Yext – Is It Bait and Switch?

2/5/2015 – I’ve been doing a lot of SEO work for clients lately. One of the most time consuming details is making sure a clients’ NAP listing (Name, Address, Phone, etc) are correct across the Internet, without duplicates, and without typo’s. There is a service called Yext (www.yext.com) that automates that entire process. I had heard about them several months ago and as intriguing as it sounded, the cost was around $1000 to update a client. This was outside of my small business customers’ budgets so I went back to manual inputting.

I got a cold call yesterday from Yext’s reseller department telling me that they were not the same as the division that hard sells to SMB (small to mid-size businesses). The sales rep assured me their reseller prices were much better. Count me as skeptical but I stayed on line long enough for her to tell me their reseller package was only $199 plus $35 per month per client. That is quite a drop from a grand down to $200! That got my attention.

Yext - is it a bait and switch scamTo give me time to find out if this was a scam or something fishy, I asked a bazillion questions (if it seems too good to be true, it usually is!). I suggested that the sales rep give me a day to ponder it which, to her credit, she didn’t turn on the hard sell but set up a time to call me back.

I then did my research to make sure I knew what I was getting in. There were quite a few bad reviews and hostile comments about Yext.com in various parts of the Internet but there were also some good comments. But the bad ones were enough for me to want to either get a 30 day trial to check things out, or to get a 30 day money-back guarantee. My gut reaction is that it was a legit operation with some resellers who did not ask enough questions or did not get clarification of what was being offered. I felt like I was clear on what my needs and expectations were in my discussion with the sales rep. If they could provide some sort of trial to make sure it would meet my needs made it seem like a reasonable venture.

So when the sales rep called me back today, I told her of my concerns, reiterated my needs, and asked her if they provide a trial or money back guarantee. She assured me that they would make things right as they don’t want anyone unsatisfied. I asked her to put that in an email to me either from her or from her manager. She put me on hold for a while and, after some back and forth, reluctantly agreed to put that into an email to me. She did so and I was getting excited.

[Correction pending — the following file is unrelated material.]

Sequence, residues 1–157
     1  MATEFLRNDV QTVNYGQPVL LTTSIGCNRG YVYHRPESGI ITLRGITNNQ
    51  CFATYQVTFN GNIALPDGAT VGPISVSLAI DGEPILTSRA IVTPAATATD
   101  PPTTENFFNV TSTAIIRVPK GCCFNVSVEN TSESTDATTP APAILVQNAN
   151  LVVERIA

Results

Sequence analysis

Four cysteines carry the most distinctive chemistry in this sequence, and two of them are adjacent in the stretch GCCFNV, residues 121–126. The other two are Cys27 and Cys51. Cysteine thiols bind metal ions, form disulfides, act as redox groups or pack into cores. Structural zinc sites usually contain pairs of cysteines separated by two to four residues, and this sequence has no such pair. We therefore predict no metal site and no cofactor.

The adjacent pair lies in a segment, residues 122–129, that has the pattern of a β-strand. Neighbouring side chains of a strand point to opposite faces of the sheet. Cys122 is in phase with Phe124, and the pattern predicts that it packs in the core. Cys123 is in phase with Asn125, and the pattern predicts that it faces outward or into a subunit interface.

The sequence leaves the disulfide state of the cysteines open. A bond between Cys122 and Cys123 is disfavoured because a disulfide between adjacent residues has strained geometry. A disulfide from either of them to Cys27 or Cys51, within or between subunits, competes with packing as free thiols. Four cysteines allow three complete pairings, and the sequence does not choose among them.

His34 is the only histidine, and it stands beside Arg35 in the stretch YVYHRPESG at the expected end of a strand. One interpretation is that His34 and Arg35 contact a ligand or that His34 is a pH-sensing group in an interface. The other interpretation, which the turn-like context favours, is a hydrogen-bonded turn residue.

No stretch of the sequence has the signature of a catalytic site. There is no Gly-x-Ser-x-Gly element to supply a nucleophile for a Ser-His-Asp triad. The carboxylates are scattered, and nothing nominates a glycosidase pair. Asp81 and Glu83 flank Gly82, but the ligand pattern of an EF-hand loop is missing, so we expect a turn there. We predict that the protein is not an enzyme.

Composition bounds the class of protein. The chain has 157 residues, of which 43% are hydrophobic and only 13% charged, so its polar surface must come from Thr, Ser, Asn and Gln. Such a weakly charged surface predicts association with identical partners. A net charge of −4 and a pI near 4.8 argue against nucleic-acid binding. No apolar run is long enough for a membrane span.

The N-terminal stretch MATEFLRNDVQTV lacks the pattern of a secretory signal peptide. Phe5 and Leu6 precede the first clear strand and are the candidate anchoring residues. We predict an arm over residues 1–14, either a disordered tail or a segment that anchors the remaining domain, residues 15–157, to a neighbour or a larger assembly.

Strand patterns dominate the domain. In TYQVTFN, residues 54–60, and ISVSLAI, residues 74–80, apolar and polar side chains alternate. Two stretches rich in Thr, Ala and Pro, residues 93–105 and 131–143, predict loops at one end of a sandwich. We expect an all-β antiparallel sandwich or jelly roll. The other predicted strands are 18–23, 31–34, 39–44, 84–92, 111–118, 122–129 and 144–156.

Then we started the application. When we got to the point that she and I had agreed to where I could use one of my clients as the free training account, she informed me that would be another $50. I told her that added fee was not mentioned yesterday when we discussed that option. I was told my only charge would be $199 plus $35 per client after the first free account (used to learn how to use all the features). I expressed concern that she was already adding a charge that we had not agreed upon in advance. She said that she could not do what we agreed upon for $199 but rather it was now $249.

Was that an oversight that she forgot to mention or the beginning of added fees once I made a commitment… a bait and switch? She suddenly declared that her supervisor told her that they did not want to do business with me (gee, did I ask too many questions?). I agreed that things were not going as they had stated. After thinking more about it, I’m still not sure if the rather insignificant fifty-bucks was an oversight or Yext playing slick games. Either way, they did not win my trust nor my faith in how they conducted that sales call. But at least I found out before giving them all of my billing information.

Lessons learned or reinforced? Make sure you do your homework. Don’t be afraid to ask uncomfortable questions from stuff you’ve uncovered while doing your research. And make sure you have a clear understanding. And if something is important, request to get it in an email so there is no chance for confusion. And don’t be afraid to back away from something that seems too good to be true!

UPDATE (2/27/15): Since writing this article, I found another tool that works well for my needs called Bright Local (www.brightlocal.com) that another ex-Yext user recommended. Bright Local has a huge battery of reports and gives you the option of taking care of your own directory listings or they will do so for $3 each.

I suggest you have Bright Local take care of at least 10 top listing directories for $30 and then you can do some others at your own pace. Or after a few weeks if you are too busy (or don’t want to) you can have them take care of some more listings. That way it doesn’t appear to the search engines that you are overloading the site with links all at once but rather updates appear at a more natural pace without invoking Google’s Penguin wrath.

So check out Bright Local (Disclaimer: My praise is just pure love for them… I haven’t gotten a finders fee for sending you there 🙂 ). In addition to all of their reports they have excellent Webinars and support info. Night and day difference between them and the pushy bait and switch experience I got with Yext!

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